Searching over 5,500,000 cases.


searching
Buy This Entire Record For $7.95

Download the entire decision to receive the complete text, official citation,
docket number, dissents and concurrences, and footnotes for this case.

Learn more about what you receive with purchase of this case.

The Bank Of New York Mellon v. Hoffman

Court of Appeals of Ohio, Eleventh District, Trumbull

April 30, 2018

THE BANK OF NEW YORK MELLON f.k.a. THE BANK OF NEW YORK, AS TRUSTEE FOR THE CERTIFICATEHOLDERS OF THE CWABS, INC., ASSET-BACKED CERTIFICATES, SERIES 2007-1, Plaintiff-Appellee,
v.
THOMAS R. HOFFMAN, JR., et al., Defendants, CHRISTINA D. HOFFMAN a.k.a. STEWART, Appellant.

          Civil Appeal from the Trumbull County Court of Common Pleas, Case No. 2015 CV 02160.

          James W. Sandy and Kevin S. Lampone, McGlinchey Stafford, (For Plaintiff-Appellee).

          Christina D. Hoffman a.k.a. Stewart, pro se, (Appellant).

          MEMORANDUM OPINION

          THOMAS R. WRIGHT, P.J.

         {¶1} Appellant, Christina D. Hoffman aka Stewart, appeals the trial court's decision striking her pro se motions seeking a cease and desist order, urging the trial court to reconsider its decree of foreclosure and confirmation of sale of the subject property, and asking the court to dismiss the case as illegal. Finding lack of final appealable order, we dismiss.

         {¶2} The Bank of New York Mellon, f.k.a. the Bank of New York, as trustee for the Certificateholders of the CWABS, Inc., asset-backed certificates series 2007-1 ("the Bank") filed a complaint in foreclosure against Thomas R. Hoffman, Jr., his unknown spouse, if any, Midland Funding, LLC, and the Trumbull County Treasurer relative to real property located at 3958 North Pricetown Road in Newton Falls, Ohio, alleging that Thomas was in default on his note and mortgage. Christina is not named as a party in the complaint, and the complaint does not state that the Bank could not discover the name of Thomas' wife. Civ.R. 15(D).

         {¶3} The Bank filed a judicial report on the same day as the complaint, which states that as of November 17, 2015, the title to the subject property was vested in Thomas, free and clear of all encumbrances. It also states that he is married and that there was a divorce action filed on January 23, 2015 between Thomas and Christina D. Hoffman.

         {¶4} Following unsuccessful service on Thomas and his "unknown spouse, if any, " at the subject address, the Bank secured service by publication.

         {¶5} Thereafter, the trial court granted default judgment in the Bank's favor on April 27, 2016 since Thomas, his unknown spouse, if any, and Midland Bank failed to answer the complaint. The default judgment references Christina D. Hoffman by name as a nonparty to the case and as a signator of an underlying mortgage deed.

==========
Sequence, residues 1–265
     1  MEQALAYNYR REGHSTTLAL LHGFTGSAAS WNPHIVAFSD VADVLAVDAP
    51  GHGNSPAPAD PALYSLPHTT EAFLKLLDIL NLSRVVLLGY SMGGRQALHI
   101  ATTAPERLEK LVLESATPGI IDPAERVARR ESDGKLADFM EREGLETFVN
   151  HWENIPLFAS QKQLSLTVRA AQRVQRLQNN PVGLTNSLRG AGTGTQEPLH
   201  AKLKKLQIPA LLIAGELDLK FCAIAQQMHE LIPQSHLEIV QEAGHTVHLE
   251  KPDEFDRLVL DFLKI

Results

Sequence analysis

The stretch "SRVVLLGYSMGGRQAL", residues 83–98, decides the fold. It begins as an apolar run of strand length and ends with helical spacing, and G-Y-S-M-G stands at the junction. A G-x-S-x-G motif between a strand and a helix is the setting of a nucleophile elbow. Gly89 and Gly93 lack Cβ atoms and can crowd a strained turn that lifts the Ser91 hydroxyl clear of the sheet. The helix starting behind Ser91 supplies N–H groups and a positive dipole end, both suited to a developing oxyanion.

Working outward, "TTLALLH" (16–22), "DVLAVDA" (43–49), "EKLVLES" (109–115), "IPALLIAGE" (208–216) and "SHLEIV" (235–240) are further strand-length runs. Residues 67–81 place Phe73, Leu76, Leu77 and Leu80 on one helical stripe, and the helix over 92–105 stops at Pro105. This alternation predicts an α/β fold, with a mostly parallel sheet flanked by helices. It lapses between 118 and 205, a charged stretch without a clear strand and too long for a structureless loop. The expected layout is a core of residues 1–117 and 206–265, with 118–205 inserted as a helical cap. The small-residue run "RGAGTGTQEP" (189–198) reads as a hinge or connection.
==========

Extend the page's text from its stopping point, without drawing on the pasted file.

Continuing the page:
{¶6} The property was sold at sheriff's sale in November 2016, and the trial court confirmed the order of sale and ordered distribution on November 30, 2016.

          {¶7} Thirty days later, on December 30, 2016, Christina filed two pro se motions. This was her first appearance in the case. She asked for reconsideration and dismissal of the case as illegal. She alleges she is blind and that the Bank used her disability against her. She claims she was never served as a party and that counsel for the Bank rushed through the foreclosure process to exclude her from asserting her rights to the property.

         {¶8} In February of 2017, Christina filed three more pro se motions seeking a cease and desist order, urging the trial court to set aside the sale of the subject property, and asking the court to dismiss the Bank's case as illegal. In response, the Bank moved to strike all of Christina's filings in the case because she was not a party. Thereafter, Christina filed another motion to dismiss the case, which the Bank likewise moved to strike.

         {¶9} Christina filed another motion for the Bank to cease and desist, which it again moved the court to strike from the record. Christina attached numerous uncertified documents to her filings in support of her claim that her ex-husband was the named defendant and that she was awarded the subject property following the parties' divorce. She also averred that the Bank was aware of her existence as the rightful owner of the home and that she was denied the opportunity to defend the foreclosure action based on its failure to name her as a party.

         {¶10} On July 12, 2017, the trial court granted the Bank's motions to strike and ordered all filings submitted by Christina to be stricken from the record since she was not a party to the action and because the sale of the subject property was confirmed before her pro se motions were filed. This judgment entry also advises ...


Buy This Entire Record For $7.95

Download the entire decision to receive the complete text, official citation,
docket number, dissents and concurrences, and footnotes for this case.

Learn more about what you receive with purchase of this case.